On one level the decline in over-the-air household is counter-intuitive; the price of multichannel television has gone up much faster than inflation over the last decade. Higher prices usually lead to lower sales for the same product. I see the three factors -- two external to the multichannel value proposition and one internal -- that supported the decline in the use of over-the-air television.
First, the conversion of broadcast TV to digital made decades of analog-only TV sets obsolete for receiving TV stations (or required a digital converter box to make broadcast TV signals usable by these sets). In contrast, all of the top multichannel subscription services work just fine with an analog TV set (without even the need for a set-top box on many cable systems).
Second, the number of households with high speed Internet connections has dramatically expanded since 2003 and such households have a large amount of video content available to them both for free (e.g., YouTube, Hulu) and for pay (e.g., Netflix, iTunes). A light TV viewer might get all the video he or she needs from the Internet and not bother with an antenna and/or converter box.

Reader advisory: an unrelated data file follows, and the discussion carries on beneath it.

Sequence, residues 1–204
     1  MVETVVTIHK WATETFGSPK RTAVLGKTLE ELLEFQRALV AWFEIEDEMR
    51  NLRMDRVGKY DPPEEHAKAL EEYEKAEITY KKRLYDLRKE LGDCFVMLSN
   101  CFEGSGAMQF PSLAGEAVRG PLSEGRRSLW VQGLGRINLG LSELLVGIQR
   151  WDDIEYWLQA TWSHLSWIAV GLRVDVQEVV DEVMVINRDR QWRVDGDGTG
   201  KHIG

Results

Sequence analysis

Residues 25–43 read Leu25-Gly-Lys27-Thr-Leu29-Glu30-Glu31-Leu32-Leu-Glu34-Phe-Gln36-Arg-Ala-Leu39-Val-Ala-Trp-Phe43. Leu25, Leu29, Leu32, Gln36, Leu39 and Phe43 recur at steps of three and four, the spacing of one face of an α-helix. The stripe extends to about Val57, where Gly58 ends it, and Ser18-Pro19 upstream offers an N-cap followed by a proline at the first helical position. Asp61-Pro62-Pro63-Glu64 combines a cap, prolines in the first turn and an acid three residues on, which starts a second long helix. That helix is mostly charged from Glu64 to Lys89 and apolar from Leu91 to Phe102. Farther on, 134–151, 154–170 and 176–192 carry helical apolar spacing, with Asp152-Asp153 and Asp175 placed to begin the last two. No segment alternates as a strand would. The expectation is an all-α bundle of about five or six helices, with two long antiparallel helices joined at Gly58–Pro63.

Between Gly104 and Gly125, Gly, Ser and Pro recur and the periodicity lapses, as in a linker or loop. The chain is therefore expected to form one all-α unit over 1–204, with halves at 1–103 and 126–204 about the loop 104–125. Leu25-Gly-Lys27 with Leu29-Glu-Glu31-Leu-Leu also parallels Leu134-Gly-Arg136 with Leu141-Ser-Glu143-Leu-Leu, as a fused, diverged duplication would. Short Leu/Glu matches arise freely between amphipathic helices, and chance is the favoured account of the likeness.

Finally, a strong argument can be made that the content available via multichannel television has advanced faster than its price, rendering it a better value than it was earlier. In 2003, the top college bowl games were on broadcast television as were virtually all of the top dramas. By 2012, all of the top college bowl games were on ESPN networks (well, all but 3 of the top 36 bowl games, per this link), AMC's The Walking Dead was the top rated drama on television and cable networks like Food, E!, History and Showtime were attracting significantly more viewing and this was no accident as they are all spending significantly more on original programming. Not to mention that the multichannel subscription is much more likely to include VOD, HD and online streaming/TV Everywhere access to substantially more content than it did in 2003.
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